Monday, July 5, 2010
Brought to you by sparklers and the joy of writing your name with one.
Sunday night and I had two fairly enticing options: go to Pacific Symphony's Firework event at Verizon Wireless Ampitheater or grab a bottle of wine, some very bbq-ish food, sit on the hood of my car and watch fireworks old school.
I did a little of both. I'm sorta like that.
I like days that don't have much in the way of structure to them. Come when you want and go when you want and have dinner when you want and eat macaroni and cheese with bacon when you want. Those sort of days. Today was one of them. I finished with a perfectly greasy meal and, it being still light out, figured heading over to the ampitheater might be worth while.
So, there was this perfectly lovely event and as it ended there were sudden mad dashes for the exit. Rather than join the crowd, I sat back and...watched.
There are interesting things to see when you watch the crowd.
The Hand Gesturer.
He's standing in the midst of the crowd and melting down. Though I do think he's talking to himself as a coping mechanism and I can completely appreciate that. It's the hand gestures that make me wonder if he's going to pull a machete anytime soon and take out half of Orange County. Keep thinking of happy, soft places, sir. You're almost out of the crowd.
Look at Me Guy.
He speaks loud enough for half of the crowd to hear him, "I'm SO glad we got the good seats and not the ones 30 rows back. Aren't YOU?" He sees me roll my eyes at him and quiets down a bit. I'm not fond of The Loud having been one in my past life.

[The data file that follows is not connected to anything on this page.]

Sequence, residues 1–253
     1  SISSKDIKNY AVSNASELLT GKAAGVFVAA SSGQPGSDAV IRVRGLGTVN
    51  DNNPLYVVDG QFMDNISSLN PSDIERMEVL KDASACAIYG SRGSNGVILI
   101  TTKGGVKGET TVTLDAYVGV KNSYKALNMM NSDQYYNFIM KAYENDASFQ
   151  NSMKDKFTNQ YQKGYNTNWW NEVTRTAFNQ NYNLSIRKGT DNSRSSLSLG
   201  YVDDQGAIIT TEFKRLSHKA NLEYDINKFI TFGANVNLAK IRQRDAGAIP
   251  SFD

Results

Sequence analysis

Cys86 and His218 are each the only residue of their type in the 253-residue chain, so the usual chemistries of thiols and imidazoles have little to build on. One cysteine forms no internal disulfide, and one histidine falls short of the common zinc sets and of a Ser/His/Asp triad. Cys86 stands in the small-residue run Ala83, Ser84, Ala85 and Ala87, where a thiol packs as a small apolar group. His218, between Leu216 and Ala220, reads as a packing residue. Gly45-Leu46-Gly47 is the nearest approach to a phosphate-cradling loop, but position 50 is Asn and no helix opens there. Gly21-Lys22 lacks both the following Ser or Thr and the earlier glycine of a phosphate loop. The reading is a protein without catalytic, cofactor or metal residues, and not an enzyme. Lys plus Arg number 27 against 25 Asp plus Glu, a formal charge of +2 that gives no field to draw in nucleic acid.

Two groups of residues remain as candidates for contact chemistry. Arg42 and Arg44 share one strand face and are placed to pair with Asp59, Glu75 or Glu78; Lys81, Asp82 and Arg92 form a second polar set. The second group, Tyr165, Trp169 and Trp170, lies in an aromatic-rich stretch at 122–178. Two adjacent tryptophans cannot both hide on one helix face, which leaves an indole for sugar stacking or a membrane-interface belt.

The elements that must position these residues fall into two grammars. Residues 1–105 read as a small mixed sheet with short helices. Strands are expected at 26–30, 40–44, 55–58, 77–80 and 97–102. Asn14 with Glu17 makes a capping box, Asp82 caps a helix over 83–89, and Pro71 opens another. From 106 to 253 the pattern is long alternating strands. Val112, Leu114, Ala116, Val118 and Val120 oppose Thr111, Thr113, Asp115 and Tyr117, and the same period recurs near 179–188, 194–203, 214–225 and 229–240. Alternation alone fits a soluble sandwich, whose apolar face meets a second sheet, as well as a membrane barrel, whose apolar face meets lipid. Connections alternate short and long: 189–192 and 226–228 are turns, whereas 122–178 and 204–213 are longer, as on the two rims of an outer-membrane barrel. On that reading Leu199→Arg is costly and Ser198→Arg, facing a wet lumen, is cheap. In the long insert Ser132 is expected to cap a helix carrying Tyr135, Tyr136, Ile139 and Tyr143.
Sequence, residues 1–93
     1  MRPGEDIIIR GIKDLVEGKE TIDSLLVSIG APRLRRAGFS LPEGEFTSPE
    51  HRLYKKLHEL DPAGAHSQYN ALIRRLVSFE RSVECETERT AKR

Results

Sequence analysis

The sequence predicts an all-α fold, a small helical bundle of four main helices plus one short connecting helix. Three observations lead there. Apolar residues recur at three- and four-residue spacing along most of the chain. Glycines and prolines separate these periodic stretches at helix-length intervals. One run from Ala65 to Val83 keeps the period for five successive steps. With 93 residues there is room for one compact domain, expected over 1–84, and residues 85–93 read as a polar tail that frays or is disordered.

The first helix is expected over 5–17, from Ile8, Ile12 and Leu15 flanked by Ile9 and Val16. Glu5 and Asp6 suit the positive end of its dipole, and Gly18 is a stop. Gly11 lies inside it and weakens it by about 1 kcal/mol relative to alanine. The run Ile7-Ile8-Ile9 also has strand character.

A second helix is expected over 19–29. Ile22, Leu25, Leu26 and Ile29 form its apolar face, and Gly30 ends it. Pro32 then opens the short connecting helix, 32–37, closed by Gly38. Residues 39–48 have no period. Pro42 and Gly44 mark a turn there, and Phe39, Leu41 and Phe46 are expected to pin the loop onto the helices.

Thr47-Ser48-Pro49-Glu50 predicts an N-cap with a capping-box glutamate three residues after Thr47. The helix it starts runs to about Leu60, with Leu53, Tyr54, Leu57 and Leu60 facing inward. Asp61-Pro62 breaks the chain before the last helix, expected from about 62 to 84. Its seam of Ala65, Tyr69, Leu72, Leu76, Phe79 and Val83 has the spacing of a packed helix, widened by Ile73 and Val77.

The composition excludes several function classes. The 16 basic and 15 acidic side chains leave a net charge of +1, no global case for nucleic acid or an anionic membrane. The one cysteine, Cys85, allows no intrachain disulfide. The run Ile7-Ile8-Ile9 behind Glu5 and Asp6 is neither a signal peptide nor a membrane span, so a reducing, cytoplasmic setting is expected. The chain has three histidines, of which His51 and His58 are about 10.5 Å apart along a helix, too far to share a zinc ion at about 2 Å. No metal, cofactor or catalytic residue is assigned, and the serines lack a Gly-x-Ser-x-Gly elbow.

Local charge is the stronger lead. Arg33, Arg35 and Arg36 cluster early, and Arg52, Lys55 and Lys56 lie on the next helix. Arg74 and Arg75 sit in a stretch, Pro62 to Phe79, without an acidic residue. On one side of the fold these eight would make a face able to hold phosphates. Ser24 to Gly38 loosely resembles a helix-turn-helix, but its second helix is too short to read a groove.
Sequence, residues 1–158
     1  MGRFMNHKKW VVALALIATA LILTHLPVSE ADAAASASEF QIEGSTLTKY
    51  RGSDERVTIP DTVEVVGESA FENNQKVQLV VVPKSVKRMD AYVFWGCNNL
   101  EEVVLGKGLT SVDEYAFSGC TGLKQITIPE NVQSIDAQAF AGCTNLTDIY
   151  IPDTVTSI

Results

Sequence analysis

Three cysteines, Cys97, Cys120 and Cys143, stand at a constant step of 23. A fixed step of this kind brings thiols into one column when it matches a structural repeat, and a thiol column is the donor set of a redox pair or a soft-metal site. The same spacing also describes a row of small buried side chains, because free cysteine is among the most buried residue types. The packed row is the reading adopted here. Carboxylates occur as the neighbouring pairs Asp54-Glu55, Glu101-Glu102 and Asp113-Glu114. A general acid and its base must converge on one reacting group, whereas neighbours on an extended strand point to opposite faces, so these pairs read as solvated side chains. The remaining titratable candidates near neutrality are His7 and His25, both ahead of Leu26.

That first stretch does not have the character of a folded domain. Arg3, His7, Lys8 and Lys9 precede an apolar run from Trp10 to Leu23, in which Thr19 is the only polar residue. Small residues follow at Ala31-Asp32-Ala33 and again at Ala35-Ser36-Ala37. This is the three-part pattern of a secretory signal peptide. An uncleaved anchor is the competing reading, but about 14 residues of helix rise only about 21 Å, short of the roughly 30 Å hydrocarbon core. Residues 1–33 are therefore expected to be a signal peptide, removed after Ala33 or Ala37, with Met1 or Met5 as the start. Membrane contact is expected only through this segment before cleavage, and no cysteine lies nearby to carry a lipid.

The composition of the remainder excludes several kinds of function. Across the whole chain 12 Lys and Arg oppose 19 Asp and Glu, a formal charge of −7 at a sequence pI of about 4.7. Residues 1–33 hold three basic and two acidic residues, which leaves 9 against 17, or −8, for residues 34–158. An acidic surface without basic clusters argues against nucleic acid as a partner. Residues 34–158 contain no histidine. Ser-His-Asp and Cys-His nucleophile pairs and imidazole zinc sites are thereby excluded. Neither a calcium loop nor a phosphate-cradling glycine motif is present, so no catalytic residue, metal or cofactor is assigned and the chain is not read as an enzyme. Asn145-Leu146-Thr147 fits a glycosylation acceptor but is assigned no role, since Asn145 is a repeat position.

Okay, my favorite. Mid to late fifties, walking down the stairs and getting in the crowds, always looking for the laugh sort of guy. He says, "I lost my wife, but that's okay. If you find her you can have her." His wife is right behind him rolling HER eyes.
Sequined Hat Woman.
She's around 84 and is wearing a sequined top hat that has been sat on at least 37 times. If you saw the way she wore it though you'd smile like I did. She walks by me and I mention my admiration. Her response, "It's old but I'm never going to stop wearing it." When you're 84, the style rules no longer apply to you.
(Please, please shoot me in the back of the head if I turn into a sequined top hat wearing old woman. Please.)
No, this wasn't the same crowd as the Sting concert and there weren't waitresses coming by for my drink order and the line for the disabled shuttle was longer than the VIP drink line. Still, I think the stories this crowd could tell would be richer any day. At the end of the event, the conductor of the symphony honored the members of the armed forces by playing each of the marches. As they played you saw young and old stand and reach across aisles to salute and nod at each other. Nods full of layers. Nods full of life. Nods full of sacrifice and struggle and decisions.
You get to wear a freakin' sequined top hat when you've sacrificed for your country. And you get to talk to yourself in crowded lines that make you nervous when you've given years in service for our freedom. And you get to make silly cracks at your wife's expense when you have to leave your country and work overseas. And you get to talk overly loud.....well, no....you don't get to do that, sir. You're still too loud.
A big, sequined, sparkler written thank you.